Scott McConnell: The Republican Party is the Party of Zionism

During the 1980s and 1990s, tensions occasionally existed between the Zionist partisans and other factions within the American conservative coalition. While the leadership of right-wing Zionism in the U.S. had shifted towards the Republicans, the majority of rank and file Jews still tended to vote for the Democratic Party, which is the case with minority groups in the U.S. generally. During the Republican presidency of George H. W. Bush in the late 1980s and early 1990s, then Secretary of State James Baker III threatened to withhold American loans to Israel in response to Israel’s settlement efforts in the occupied territories. During a private meeting, Baker earned the permanent ire of the Israel lobby when he remarked, “Fuck the Jews. They don’t vote for us anyway.” However, the Republican Party has since become devoid of any voices that dare to defy the wishes of the Israel lobby.

Scott McConnell of The American Conservative identifies the process by which the Republicans became the “party of Israel,” and how the party aligned itself with the most right-wing faction of domestic Israeli politics, the Likud Party. He cites the work of various researchers who trace the dominance of the Republican Party by Israeli interests to the increased dependence of the Republican Party on wealthy Jewish billionaire donors, the ongoing importance of Christian Zionist evangelicals as a Republican voting bloc, the view of Israel as an important ally against Islamic terrorism during the post-September 11 era, and the ardently pro-Israel and quasi-evangelical views of former President George W. Bush. McConnell adds to this the strengthening of Zionist control over the U.S. broadcast media through the establishment of FOX News, the emergence of neoconservative publications such as The Weekly Standard, the neoconservative takeover of the conservative movement’s flagship magazine The National Review, the effective ostracism of anti-Israel voices such as Patrick Buchanan from the conservative milieu, and the proliferation and growing influence of Zionist organized or funded think tanks.

The Israel Lobby and the American Political Class

This is not to say that the Israel lobby only exercises influence within the Republican Party. Nothing could be further from the truth. The Republican Party normally holds to positions that align with the furthest right-wing sectors within Israeli politics. However, the most influential pro-Israel organization in the United States, the American Israel Public Affairs Committee (AIPAC), considers itself to be a bipartisan organization and is firmly embedded in both major American political parties. For example, AIPAC holds an annual policy conference that is normally attended by a cross-section of the American political elite. Attendees and speakers at the conference have included Presidents Bill Clinton and Barack Obama, Secretaries of State John Kerry and Hillary Clinton, former Speaker of the House Nancy Pelosi, House Majority Leader Harry Reid, and a vast array of current and former Senators and Congressmen.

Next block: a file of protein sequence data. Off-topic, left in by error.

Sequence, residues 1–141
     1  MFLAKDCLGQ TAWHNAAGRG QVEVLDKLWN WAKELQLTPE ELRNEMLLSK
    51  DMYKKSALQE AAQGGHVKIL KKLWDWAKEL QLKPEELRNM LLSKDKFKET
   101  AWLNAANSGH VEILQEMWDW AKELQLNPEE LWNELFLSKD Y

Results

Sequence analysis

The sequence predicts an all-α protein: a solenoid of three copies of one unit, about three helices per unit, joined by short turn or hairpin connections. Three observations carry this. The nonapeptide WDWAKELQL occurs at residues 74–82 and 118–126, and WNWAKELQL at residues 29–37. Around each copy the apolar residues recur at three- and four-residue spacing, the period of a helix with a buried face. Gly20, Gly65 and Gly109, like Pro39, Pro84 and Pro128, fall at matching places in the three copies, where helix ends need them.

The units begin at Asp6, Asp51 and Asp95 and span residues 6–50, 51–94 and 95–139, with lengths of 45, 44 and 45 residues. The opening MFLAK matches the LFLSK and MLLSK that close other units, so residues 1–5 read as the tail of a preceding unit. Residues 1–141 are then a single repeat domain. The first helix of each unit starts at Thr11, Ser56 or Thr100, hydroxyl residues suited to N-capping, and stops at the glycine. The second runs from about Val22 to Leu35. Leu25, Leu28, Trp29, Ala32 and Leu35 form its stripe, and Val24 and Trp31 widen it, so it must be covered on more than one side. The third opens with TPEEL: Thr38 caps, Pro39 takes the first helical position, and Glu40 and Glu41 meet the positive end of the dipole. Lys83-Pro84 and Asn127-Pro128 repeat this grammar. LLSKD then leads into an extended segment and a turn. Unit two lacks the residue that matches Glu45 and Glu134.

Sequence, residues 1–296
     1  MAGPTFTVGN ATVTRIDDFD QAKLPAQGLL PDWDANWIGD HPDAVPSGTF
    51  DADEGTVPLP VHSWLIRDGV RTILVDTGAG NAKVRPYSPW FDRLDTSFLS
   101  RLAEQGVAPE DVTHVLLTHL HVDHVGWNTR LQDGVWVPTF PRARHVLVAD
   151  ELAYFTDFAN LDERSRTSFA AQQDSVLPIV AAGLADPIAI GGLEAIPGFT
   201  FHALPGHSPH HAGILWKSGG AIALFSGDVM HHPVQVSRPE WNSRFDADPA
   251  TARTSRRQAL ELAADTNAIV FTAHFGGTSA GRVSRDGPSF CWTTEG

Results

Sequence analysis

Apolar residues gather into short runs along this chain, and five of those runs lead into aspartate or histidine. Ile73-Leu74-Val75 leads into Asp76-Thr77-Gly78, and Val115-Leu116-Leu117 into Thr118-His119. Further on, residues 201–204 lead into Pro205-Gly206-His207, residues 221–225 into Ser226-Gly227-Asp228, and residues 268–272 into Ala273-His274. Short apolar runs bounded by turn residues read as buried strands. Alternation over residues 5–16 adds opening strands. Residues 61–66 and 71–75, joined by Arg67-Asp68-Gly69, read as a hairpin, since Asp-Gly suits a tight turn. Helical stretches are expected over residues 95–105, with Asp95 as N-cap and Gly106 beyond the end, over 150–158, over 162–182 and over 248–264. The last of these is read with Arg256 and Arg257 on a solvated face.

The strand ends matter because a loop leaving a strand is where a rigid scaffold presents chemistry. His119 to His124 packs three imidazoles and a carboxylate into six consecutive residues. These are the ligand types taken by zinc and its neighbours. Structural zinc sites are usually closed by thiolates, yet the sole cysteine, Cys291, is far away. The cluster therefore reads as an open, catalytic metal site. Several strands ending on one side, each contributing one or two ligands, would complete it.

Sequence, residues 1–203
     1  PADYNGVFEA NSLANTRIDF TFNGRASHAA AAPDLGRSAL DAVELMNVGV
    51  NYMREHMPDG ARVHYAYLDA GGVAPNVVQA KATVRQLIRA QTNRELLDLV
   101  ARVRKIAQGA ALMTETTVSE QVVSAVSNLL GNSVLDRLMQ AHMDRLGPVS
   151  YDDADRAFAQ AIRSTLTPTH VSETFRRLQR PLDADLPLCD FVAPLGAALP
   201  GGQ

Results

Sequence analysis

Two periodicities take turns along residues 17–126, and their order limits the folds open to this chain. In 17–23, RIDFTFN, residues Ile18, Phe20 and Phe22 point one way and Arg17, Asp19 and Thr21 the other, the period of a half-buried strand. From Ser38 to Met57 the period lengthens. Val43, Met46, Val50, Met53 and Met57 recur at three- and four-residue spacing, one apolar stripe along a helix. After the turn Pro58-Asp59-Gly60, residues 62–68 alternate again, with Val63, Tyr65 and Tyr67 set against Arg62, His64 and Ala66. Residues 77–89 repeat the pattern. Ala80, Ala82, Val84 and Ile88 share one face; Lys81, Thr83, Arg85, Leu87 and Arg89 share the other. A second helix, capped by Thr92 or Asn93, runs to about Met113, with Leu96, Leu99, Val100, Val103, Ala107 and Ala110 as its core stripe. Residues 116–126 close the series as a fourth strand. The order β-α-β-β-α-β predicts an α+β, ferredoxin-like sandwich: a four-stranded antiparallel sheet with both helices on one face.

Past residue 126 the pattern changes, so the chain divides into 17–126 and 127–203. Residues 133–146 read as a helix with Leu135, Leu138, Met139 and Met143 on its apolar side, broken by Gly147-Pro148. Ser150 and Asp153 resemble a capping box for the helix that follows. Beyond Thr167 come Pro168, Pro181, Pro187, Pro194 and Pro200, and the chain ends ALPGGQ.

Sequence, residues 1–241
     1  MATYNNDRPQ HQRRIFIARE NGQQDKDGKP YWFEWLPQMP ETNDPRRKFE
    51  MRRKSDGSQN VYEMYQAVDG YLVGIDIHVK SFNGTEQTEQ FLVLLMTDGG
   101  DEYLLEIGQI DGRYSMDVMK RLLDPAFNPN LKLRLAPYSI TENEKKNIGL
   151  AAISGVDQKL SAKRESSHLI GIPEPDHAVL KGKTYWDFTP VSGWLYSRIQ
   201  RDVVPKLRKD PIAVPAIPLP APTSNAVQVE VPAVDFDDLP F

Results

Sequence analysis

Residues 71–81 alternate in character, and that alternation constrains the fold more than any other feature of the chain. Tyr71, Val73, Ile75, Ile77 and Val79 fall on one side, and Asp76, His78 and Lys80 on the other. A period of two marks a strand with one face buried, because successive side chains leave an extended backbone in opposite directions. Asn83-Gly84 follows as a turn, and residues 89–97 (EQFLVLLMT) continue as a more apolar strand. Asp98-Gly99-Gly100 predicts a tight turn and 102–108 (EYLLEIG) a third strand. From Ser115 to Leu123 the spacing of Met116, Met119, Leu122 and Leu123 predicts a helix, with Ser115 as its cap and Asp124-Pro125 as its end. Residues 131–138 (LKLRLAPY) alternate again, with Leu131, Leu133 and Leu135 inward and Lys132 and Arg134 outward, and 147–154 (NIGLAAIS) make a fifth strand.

The principal and considerably less influential rival to AIPAC is J Street, a more moderate organization founded in 2008, and which has been funded by the multi-billionaire George Soros. While AIPAC is supportive of the Likud Party, J Street is oriented towards the centrist Kadima Party. The principal differences between the two groups is that the Likud Party is an overtly Israeli imperialist party that opposes Palestinian sovereignty, favors the continued expansion of Israeli colonial settlements in the occupied territories, and assumes a hawkish stance towards Iran. Kadima is more moderate only when compared with Likud, having been a strong supporter of former Prime Minister Ariel Sharon, and Kadima’s leadership has actually described itself as more right-wing than J Street. The entire American political class exhibits extreme subservience to the Israel lobby, as was illustrated during the summer of 2014 when Israel launched its attack on Gaza. The U.S. Senate voted unanimously in favor of an AIPAC-backed resolution endorsing the attacks, including ostensible “progressives” Elizabeth Warren and Al Franken, “socialist” Bernie Sanders, and “libertarian” Rand Paul.

The Israel lobby also exercises power outside of the United States to a considerable degree. An Israel lobby similar to the U.S. Israel lobby exists in the United Kingdom, although it is more loosely organized and not quite as powerful. Israel also exercises considerable influence in the European Union, due to the fact that Israel and the EU are primary trading partners. Canada has even threatened to use its hate speech and hate crimes laws against organizations that advocate a boycott of Israel, similar to the international boycott of South Africa that existed during the apartheid era.

The Fate of Critics of Israel